The Park Review (PS4)

Please keep your arms and legs inside The Park at all times, it’s going to be one hell of a ride

The Park


Have you ever been alone at an abandoned location—an otherwise perfectly normal site that’s been transformed into an eerie tourist attraction thanks to the sheer emptiness, à la Russia’s Chernobyl? Being isolated can often feel unsettling; one’s mind can conjure illusory phantoms in every nook and cranny. Funcom’s The Park aims to replicate this same spooky feeling by whisking players to a deserted, and possibly malevolent, funfair.

The game opens with Lorraine, a mother who has just arrived at Atlantic Island Park with her young son. Through an internal monologue we discover that this is one of her favorite places in the world, somewhat of a childhood sanctuary. This is our first introduction into the protagonist’s mind. The player will be investigating these emotional synapses just as much as the amusement park itself. Soon after arriving, Lorraine discovers that her beloved fairground has closed for the day, but her son has other ideas. The cheeky scamp runs into Atlantic Island anyway, leaving his mother no choice—she has to follow him in.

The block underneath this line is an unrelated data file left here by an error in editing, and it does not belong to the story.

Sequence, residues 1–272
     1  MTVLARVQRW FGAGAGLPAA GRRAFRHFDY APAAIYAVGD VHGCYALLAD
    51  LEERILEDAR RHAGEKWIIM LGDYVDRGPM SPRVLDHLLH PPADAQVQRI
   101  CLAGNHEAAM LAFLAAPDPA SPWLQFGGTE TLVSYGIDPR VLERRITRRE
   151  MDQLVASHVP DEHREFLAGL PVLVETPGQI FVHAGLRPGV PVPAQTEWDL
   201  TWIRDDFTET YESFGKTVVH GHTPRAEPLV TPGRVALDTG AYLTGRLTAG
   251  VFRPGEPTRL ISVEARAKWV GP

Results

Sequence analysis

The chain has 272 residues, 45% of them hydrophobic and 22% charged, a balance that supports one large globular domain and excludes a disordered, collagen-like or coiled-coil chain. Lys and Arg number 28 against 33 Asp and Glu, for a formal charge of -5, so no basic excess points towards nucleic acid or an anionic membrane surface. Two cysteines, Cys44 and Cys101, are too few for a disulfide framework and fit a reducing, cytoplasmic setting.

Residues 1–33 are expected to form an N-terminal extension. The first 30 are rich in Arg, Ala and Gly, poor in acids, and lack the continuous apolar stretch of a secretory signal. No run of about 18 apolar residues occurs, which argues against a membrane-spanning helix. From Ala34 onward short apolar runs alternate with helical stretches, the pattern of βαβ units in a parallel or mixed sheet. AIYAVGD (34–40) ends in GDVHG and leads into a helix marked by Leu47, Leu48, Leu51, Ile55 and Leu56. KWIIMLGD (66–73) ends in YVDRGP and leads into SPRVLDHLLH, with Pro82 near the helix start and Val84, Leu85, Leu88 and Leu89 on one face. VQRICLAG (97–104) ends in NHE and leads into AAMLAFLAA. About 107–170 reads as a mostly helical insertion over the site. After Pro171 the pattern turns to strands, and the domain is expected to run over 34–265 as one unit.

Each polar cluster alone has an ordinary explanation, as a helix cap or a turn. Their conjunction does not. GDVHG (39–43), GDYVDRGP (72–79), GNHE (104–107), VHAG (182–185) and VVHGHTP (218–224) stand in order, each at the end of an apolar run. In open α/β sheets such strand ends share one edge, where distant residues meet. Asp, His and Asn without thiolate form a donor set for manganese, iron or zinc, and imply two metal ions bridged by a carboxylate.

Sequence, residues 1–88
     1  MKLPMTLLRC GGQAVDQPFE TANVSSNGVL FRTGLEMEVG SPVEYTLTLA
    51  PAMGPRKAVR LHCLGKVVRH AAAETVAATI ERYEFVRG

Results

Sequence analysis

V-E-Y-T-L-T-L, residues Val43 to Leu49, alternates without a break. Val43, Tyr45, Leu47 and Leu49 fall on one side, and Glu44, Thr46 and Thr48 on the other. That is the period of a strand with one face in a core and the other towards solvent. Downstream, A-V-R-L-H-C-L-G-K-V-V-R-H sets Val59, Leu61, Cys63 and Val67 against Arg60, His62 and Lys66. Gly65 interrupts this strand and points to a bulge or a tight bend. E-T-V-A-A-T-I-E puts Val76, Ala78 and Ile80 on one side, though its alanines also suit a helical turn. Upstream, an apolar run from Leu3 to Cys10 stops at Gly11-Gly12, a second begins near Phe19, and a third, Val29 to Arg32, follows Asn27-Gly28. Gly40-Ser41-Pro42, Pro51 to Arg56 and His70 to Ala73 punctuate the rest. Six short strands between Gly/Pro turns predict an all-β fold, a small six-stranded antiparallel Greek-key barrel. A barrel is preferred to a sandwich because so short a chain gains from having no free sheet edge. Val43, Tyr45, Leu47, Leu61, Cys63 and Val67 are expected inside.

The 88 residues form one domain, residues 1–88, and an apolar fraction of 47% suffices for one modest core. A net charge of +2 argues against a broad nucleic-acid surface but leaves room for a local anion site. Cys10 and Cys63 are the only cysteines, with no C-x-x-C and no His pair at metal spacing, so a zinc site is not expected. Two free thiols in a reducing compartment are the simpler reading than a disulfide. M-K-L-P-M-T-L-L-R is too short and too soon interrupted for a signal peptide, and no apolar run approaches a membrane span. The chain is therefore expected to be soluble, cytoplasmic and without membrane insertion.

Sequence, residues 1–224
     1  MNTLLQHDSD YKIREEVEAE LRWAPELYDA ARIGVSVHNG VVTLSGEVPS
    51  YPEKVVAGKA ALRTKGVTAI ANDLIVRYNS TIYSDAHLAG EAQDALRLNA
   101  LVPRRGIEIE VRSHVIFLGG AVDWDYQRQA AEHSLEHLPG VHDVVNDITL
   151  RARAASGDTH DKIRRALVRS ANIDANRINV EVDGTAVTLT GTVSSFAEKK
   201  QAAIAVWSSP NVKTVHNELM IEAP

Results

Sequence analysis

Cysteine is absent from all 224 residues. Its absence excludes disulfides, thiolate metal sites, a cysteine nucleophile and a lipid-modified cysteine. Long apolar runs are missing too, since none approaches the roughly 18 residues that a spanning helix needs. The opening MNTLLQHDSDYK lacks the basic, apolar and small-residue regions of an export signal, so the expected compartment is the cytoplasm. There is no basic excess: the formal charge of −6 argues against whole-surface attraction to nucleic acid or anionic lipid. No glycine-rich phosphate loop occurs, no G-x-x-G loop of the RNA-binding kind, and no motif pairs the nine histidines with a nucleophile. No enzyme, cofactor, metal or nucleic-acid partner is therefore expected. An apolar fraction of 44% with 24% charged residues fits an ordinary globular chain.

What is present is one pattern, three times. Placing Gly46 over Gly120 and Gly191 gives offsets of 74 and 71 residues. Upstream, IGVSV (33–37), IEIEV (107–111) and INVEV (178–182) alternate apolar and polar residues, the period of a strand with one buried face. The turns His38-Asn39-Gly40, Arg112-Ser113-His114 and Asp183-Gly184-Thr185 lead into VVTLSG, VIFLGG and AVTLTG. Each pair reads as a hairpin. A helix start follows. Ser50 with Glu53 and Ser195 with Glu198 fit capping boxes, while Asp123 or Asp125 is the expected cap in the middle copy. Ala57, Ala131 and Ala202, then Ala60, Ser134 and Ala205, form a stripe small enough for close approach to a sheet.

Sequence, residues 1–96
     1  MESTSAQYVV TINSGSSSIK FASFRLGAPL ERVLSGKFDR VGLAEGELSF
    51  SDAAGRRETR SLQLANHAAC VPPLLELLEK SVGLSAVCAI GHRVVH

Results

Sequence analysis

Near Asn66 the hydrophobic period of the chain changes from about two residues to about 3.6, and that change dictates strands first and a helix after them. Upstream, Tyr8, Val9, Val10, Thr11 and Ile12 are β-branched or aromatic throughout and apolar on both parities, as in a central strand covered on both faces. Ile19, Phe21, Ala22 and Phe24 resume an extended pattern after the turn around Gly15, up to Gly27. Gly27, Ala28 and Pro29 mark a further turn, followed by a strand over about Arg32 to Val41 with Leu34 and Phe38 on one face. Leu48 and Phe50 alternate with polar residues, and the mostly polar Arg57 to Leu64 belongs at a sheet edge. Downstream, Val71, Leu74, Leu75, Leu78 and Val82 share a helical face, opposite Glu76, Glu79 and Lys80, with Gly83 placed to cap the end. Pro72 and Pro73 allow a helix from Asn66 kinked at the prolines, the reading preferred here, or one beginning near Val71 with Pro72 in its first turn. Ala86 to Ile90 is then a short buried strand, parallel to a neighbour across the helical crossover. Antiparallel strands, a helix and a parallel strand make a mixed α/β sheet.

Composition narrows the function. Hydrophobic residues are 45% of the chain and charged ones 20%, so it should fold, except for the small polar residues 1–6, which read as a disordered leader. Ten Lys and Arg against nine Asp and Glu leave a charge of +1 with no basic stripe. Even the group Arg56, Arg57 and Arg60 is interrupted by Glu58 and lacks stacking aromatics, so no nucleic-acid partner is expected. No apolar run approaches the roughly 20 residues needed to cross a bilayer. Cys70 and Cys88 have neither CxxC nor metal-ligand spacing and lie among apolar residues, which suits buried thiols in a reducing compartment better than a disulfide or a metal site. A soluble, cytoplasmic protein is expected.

After a short escalator ride, day is inexplicably turned into night. In this shadowy form the park is different from Lorraine’s recollections: gloomier, decrepit even. Henceforth the player is thrust into a dark world overflowing with mystery and psychological terror while a mother searches for her son. It’s not a particularly long search. A one to two hour journey depending on how in-depth each individual player tends to go. For instance, will you board a swan-shaped raft and drift through a creepy tunnel of love style passageway? How about embarking on a gigantic thrill ride called, the Octotron, which rises and spins? All this is entirely optional. However, partaking in these distractions reveals more of the narrative, beefing up the game’s length.